- Carrying out work without complying with the planning conditions attached to a planning permission (non-compliance with planning conditions).
- Carrying out work otherwise in accordance with the limitations and conditions set out in the GPDO (permitted development).
- Changing the use of land or property without planning permission or without compliance with the limitations and conditions set out in the GPDO or Town and Country Planning (Use Classes) Order 2015
Carrying out Unauthorised Development is not a criminal offence.
Cases involving Listed Buildings
Works that are not considered like for like repair or replacement will require listed building consent. Where works have been carried out without consent a criminal offence may have been committed. Subject to the extent and nature of the works, consideration will be given to whether to commence criminal proceedings and/or serve a Listed Building Enforcement Notice. It is recommended that advice be sought prior to carrying out any works to a listed building, a Duty Planning Officer is available to speak to or visit the Conservation Areas & Listed Buildings pages for further information.
The Town and Country Planning (Control of Advertisements) (England) Regulations 2007 allows the display of some classes of advertisements and signs without the need to get consent from the Local Planning Authority. Where an advertisement is being displayed without the appropriate consents it constitutes a criminal offence. Where the advertisement causes serious harm to the amenity or to public safety the team will ask for it to be removed. If the advertisement continues to be displayed after this time formal prosecution proceedings will be considered. Please refer to the guide to Outdoor Advertising or complete an application for Advertisement Consent from the website.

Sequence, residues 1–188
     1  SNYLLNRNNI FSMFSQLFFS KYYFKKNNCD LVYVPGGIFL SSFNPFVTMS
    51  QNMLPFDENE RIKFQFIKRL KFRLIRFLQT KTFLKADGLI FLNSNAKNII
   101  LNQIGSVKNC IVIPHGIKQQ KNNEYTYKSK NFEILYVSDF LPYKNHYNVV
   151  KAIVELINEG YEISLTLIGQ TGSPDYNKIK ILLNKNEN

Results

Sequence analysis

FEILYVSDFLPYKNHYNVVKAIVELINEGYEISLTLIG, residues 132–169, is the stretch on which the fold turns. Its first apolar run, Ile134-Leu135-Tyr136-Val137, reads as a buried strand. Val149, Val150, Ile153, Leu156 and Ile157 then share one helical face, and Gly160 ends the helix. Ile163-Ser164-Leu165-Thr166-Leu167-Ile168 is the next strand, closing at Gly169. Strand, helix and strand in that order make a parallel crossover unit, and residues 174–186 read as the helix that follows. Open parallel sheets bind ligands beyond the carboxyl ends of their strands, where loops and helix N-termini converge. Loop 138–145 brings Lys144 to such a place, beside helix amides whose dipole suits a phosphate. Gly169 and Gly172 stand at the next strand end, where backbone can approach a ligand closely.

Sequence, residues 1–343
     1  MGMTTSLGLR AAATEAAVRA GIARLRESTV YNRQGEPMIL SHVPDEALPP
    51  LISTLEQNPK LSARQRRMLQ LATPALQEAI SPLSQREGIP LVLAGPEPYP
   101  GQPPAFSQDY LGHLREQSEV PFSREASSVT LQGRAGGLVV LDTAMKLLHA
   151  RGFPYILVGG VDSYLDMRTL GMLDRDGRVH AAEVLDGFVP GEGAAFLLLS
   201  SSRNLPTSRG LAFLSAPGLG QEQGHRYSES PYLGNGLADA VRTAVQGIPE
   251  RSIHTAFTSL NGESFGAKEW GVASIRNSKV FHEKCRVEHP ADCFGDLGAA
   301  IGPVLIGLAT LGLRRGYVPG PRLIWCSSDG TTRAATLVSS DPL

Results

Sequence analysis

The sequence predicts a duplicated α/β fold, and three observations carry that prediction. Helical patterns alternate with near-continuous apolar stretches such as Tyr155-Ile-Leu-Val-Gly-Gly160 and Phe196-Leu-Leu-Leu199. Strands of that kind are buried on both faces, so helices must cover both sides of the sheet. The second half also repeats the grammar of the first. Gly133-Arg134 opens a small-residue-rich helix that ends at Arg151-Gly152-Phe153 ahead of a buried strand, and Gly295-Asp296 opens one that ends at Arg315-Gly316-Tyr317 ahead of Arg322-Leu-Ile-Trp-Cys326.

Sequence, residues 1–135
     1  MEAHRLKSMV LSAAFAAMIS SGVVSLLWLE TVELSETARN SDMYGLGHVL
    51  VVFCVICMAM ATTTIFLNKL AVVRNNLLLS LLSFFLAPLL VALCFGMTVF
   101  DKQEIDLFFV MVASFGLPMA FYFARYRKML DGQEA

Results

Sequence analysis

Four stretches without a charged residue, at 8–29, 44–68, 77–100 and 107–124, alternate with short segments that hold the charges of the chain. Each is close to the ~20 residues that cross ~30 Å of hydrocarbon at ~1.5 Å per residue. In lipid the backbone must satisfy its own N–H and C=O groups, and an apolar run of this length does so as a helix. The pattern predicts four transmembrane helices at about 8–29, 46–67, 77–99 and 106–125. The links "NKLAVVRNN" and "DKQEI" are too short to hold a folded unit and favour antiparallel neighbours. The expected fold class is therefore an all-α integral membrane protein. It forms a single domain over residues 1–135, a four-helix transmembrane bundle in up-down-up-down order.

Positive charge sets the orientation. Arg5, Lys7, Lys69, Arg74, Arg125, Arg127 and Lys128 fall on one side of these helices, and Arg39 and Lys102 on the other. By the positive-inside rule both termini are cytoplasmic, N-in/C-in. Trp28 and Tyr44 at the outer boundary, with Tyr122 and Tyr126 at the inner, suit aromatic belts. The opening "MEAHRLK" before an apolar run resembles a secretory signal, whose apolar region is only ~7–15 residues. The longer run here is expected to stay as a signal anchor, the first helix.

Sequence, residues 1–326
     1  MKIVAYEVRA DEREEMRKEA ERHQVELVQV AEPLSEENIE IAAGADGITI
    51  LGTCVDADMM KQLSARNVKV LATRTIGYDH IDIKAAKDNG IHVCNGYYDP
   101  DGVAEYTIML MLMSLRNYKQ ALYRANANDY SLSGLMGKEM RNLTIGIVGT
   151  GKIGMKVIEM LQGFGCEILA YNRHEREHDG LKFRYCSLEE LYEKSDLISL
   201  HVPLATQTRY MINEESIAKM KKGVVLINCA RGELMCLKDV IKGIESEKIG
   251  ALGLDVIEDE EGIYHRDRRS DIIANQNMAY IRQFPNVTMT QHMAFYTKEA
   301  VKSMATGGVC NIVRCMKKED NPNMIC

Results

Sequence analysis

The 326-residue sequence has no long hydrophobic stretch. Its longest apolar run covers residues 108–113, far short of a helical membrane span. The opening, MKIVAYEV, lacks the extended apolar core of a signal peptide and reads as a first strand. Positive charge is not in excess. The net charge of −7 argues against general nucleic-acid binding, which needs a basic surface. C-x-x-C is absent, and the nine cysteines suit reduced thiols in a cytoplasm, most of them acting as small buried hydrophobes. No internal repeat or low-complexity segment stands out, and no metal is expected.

Works to trees subject to Tree Preservation Orders or within a Conservation Area
The Council make Tree Preservation Orders (TPO) to protect the visual amenity, particularly where they are threatened by development. Similar protection applies to trees within Conservation Areas. It is a criminal offence to cut down, top, lop, uproot, wilfully destroy or damage a protected tree in a manner likely to destroy it, without the Council's consent. If work is undertaken without consent the team will assess the nature of the works and whether it is in the public interest to prosecute. For further information, application for consent and guidance please see the Protected trees and Hedges page.
Unsightly land or buildings
The condition of certain buildings or land can cause harm to the visual amenity of an area and the team sometimes receive enquiries relating to such matters. Where the condition of land or buildings is causing significant harm to public amenity, consideration will be given to serving a notice under the Section 215 of the Town and Country Planning 1990. These powers can only be used in certain circumstances and not all cases are suitable. If it is decided upon to serve a notice it will specify measures to improve the appearance of the land or buildings. If those measures are not taken within a specified time an offence has been committed.
Visit our Frequently Asked Questions page where you will find further information.